TRIVIUM Bassist On His Twitter Feud With ALL THAT REMAINS Frontman: 'It's Something I Felt That Needed To Be Said'

TRIVIUM Bassist On His Twitter Feud With ALL THAT REMAINS Frontman: 'It's Something I Felt That Needed To Be Said'

TRIVIUM's Paolo Gregoletto has commented on his Twitter fight with ALL THAT REMAINS's Phil Labonte, explaining that it gave him a chance to say "something that needed to be said and said by someone in a band."

The war of words between the two musicians started after Labonte appeared on Internet provocateur Milo Yiannopoulos's InfoWars show to discuss the contentious issue of U.S. gun control in the wake of last month's mass shooting in Florida.

After video of Labonte's appearance on Milo's program was posted on YouTube, Paolo took to Twitter to call out the singer for his comments, at one pointing referring to Labonte as "a discount Jesse Leach." Labonte fired back by accusing Paolo of "riding coattails" and calling him "the third most important guy in a four-man band."

In a brand new interview with Metal Wani, Gregoletto was asked why he thinks Labonte went out of his way to respond to the bassist's comments, going so far as to make a YouTube video about it. "Probably 'cause I'm in a band that is prominent and a lot of other band guys don't really say much," Paolo said (hear audio below).

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"I generally don't dive into stuff like that, and I really don't care about the content of any of the [Phil's] interview [with Milo Yiannopoulos] or what was said — it's irrelevant.

"It's something I felt that needed to be said and said by someone in a band, because it's usually just maybe fans saying something back, and it's kind of easy to bat that stuff down.

"For us, this genre is all about bringing up new bands, bringing up good stuff, and I feel like that sort of shit really overshadows what matters, which is good music, good players, good vocalists, people that deserve a chance to be heard," he continued. "And we're about empowering that, and the attention-grabbing stuff takes away from all of that. And when you don't do your actual job good, and you're using it as an attention-seeking thing, I think it's fucking stupid. And if that's what you wanna get out of this, fine, but I wanna drag it back to new bands, I wanna drag it back to better bands, the bands that never get any attention, because it's always sucked into the bullshit of people like that. The bands that we're bringing out, I want people to know those bands, because they give a shit — they're busting their ass. And they deserve the attention — not the people that don't give a shit, don't put any effort into their craft or music, have given up on it or given up on the genre but wanna use it when it's convenient to them."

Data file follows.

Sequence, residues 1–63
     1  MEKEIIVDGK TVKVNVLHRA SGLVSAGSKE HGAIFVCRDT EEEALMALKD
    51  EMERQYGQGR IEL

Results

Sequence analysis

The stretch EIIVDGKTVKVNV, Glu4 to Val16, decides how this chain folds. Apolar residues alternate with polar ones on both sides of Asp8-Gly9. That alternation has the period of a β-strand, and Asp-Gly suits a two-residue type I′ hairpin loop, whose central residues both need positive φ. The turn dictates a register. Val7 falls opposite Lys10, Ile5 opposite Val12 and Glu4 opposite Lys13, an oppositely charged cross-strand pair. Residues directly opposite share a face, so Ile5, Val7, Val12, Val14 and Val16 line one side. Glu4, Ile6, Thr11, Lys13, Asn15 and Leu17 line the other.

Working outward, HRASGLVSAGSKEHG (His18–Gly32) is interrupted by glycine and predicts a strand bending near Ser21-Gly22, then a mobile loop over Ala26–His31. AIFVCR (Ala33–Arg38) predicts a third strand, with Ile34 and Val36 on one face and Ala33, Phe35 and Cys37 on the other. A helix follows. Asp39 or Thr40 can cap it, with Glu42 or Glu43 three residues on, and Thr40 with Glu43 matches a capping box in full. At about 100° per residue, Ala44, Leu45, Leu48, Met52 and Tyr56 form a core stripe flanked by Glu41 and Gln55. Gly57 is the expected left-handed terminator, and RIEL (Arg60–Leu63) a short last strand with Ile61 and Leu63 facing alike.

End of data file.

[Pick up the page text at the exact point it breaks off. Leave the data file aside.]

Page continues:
Paolo added: "That was really all it was about it. It was sort of me being, like, 'I don't really care. I think I'm gonna break the seal here, which is stepping back down from the fray, or into the fray.' I don't like to be a drama, attention seeker, but if that's what it's gonna take to maybe force people to kind of think about other things — like I said, new bands, bands that try hard — then it is what it is. But at the end of the day, what matters is our music, our touring, focusing on that. That's why it didn't go anywhere else past those two days [of the Twitter back-and-forth]. It is what it is. Everyone has their views on how that was or what it achieved. But it is what it is. And it's nice to just be able to say what you think and not always pretend that everything is great and stay silent when you don't really need to be or want to be."

Last month, Labonte, a staunch gun-rights advocate, posted a video message in which he offered his thoughts on the gun debate, expressing his belief that a ban on semi-automatic rifles would not reduce mass shootings and insisting that this nationwide crisis of firearm injuries and deaths would not be solved by a formal change to the Second Amendment.


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